Several papers addressing the various influences on passage of FOI laws were offered at The First Global Conference on Transparency Research held May 19-20 at Rutgers University-Newark, N.J. (See overall report in FreedomInfo.org.)
They concerned Latin America and the media’s role, the risks of comparative and China.
Looking at Latin America, political scientist Greg Michener found that “the strength of legislation and electoral timing of reforms are strongly influenced by two factors: 1) the degree to which presidents are able to use their legislative negative agenda-setting powers—parliamentary majorities and constitutional powers—to delay and resist strong laws; and, 2) the degree to which the news media transmit coverage for freedom of information. In simplified terms, I present an agenda-setting theory in which strong news media and weak presidents advance robust freedom of information laws.”
Eduardo Bertoni, director of the Center for Studies on Freedom of Expression –CELE-, Palermo University Law School, Buenos Aires, examined the involvement of journalists in coalitions supporting passage of FOI laws, reporting, “In some cases, it has been the press that has identified the issue and promoted alliances with other actors, where as in other cases, it has been civil society organizations, for example, that have sought out actors in journalism.”
A caution about comparative research emerged from work by Tom McClean, a doctoral candidate in the sociology department of the London School of Economics and Political Science.
This paper has shown that, contrary to the assumptions which underpin much of the contemporary literature, treating freedom of information as a single phenomenon with substantively similar implications in different countries may be seriously misleading. It has identified at least five configurations of institutional factors associated with the introduction of these laws, each of which corresponds with a particular set of interests and power relations, patterns of interaction and strategies of accountability and administrative control. In each, general public rights of access have been shown to have substantively different effects, and to exist for different reasons. This paper has suggested, in short, that the question “where does freedom of information work best” has no single answer, because there are qualitatively different kinds of “best”.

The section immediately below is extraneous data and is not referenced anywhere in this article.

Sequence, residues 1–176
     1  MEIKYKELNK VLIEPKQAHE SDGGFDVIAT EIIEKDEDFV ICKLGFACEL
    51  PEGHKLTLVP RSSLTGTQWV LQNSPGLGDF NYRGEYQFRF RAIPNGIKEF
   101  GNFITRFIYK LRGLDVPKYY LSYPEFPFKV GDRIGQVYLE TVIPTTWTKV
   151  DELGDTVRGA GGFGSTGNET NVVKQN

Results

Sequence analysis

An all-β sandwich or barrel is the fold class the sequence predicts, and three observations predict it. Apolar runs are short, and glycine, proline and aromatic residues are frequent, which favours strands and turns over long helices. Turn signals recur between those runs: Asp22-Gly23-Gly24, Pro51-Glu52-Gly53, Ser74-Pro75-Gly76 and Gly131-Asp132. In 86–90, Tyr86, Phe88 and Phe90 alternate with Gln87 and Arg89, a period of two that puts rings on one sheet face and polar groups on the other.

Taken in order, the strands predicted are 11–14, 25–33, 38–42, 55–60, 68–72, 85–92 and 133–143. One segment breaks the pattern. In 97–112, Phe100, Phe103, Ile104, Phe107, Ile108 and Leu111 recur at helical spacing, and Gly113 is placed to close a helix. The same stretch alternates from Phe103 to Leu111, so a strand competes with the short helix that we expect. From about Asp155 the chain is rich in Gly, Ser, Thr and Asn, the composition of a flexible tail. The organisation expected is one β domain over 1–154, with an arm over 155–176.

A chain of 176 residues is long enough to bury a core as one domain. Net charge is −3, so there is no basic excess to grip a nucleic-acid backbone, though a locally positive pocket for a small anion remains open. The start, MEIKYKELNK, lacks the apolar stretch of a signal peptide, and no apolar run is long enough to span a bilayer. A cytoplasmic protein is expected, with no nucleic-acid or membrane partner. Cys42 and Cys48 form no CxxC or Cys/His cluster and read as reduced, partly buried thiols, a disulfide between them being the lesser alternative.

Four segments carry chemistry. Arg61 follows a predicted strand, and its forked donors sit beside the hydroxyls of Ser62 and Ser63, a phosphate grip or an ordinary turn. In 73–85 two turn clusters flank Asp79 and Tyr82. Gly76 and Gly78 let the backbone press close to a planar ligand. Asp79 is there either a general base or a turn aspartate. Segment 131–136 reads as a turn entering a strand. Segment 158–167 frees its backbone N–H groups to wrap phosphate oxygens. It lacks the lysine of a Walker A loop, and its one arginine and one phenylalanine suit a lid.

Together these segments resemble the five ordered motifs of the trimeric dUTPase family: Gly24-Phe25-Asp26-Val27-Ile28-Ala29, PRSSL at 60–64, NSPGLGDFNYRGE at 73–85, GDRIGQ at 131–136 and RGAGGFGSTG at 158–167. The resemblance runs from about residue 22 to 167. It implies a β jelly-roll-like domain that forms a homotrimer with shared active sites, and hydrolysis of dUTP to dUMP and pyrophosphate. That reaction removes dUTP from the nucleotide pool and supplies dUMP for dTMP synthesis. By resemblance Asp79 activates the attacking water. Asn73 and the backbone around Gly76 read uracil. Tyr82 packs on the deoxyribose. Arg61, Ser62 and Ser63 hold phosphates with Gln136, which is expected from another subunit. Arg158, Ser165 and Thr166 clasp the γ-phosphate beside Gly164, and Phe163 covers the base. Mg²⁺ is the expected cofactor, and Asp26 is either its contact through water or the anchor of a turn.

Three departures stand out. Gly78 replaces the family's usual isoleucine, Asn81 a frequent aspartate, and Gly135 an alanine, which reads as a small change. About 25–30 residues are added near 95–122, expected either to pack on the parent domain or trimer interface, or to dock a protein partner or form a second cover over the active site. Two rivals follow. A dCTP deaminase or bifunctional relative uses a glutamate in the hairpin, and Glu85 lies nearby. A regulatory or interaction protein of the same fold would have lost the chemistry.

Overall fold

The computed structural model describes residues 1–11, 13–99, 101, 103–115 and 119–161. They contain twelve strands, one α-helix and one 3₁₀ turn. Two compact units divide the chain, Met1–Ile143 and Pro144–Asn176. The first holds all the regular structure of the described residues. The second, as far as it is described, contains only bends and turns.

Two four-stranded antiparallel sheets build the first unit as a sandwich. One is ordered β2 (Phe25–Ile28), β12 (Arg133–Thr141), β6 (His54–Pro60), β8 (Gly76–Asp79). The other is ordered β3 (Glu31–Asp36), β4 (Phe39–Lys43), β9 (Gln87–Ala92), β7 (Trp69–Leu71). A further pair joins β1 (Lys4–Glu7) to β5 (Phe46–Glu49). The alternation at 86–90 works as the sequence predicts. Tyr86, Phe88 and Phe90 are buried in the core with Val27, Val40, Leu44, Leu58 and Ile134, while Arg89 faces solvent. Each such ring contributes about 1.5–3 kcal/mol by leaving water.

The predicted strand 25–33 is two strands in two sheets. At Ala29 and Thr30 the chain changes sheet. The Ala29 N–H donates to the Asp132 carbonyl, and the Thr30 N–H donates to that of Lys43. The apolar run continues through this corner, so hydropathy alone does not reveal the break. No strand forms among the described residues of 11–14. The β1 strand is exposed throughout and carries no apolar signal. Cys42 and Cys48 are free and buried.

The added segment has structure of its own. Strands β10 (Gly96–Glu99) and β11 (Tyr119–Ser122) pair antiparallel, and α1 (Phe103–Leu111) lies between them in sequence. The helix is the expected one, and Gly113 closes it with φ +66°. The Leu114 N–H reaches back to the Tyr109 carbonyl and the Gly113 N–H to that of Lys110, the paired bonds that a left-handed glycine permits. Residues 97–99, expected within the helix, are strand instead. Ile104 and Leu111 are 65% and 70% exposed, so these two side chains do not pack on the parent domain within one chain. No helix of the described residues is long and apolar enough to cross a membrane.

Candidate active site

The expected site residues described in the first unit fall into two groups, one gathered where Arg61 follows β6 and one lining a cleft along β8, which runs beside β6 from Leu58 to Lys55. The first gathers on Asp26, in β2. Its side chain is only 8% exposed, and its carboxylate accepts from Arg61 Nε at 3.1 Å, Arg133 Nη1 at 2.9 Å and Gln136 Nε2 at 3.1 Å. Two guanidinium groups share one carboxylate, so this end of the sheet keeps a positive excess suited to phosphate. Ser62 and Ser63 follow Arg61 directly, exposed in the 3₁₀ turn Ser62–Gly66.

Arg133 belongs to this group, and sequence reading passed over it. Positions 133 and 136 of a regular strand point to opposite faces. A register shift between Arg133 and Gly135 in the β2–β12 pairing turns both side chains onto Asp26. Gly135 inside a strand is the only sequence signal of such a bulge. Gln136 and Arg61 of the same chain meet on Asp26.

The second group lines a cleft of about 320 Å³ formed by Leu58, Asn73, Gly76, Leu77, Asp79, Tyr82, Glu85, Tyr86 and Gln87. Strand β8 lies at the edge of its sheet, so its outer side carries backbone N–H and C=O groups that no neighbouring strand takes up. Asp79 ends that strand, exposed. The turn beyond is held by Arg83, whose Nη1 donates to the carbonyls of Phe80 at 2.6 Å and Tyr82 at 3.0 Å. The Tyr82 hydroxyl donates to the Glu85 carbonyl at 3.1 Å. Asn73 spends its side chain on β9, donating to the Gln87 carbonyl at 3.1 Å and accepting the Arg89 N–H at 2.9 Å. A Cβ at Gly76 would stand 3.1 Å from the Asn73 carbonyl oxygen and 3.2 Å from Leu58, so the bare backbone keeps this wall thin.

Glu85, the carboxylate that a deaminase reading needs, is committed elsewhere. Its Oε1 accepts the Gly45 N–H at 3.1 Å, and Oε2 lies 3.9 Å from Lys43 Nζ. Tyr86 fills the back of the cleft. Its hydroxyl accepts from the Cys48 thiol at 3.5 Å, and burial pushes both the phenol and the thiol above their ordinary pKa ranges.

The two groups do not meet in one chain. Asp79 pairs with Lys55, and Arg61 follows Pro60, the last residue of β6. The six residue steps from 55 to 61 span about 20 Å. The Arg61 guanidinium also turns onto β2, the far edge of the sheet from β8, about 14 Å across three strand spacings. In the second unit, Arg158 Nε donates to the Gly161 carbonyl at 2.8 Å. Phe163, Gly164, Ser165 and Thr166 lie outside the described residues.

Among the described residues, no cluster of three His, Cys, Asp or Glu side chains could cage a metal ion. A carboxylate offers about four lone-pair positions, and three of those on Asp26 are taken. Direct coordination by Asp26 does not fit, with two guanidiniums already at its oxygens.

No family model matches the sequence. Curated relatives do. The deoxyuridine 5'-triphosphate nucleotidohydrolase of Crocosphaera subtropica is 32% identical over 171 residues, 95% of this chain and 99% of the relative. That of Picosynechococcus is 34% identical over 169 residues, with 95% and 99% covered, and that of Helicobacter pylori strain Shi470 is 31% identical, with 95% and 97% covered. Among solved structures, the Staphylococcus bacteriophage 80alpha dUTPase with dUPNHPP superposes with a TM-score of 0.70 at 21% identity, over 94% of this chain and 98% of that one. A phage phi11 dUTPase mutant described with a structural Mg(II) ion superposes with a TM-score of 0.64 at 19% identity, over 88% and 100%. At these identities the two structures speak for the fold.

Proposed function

A paper on China argued that “reform is not a result of economic development and a fight against corruption, but an outcome of improved information flow resulting from social, political, legal and economic factors.” These explain why China “has adopted a push model of FOI legislation stressing proactive disclosure,” according to Weibing Xiao, a lecturer at the School of Economic Law at the Shanghai University of Political Science and Law.
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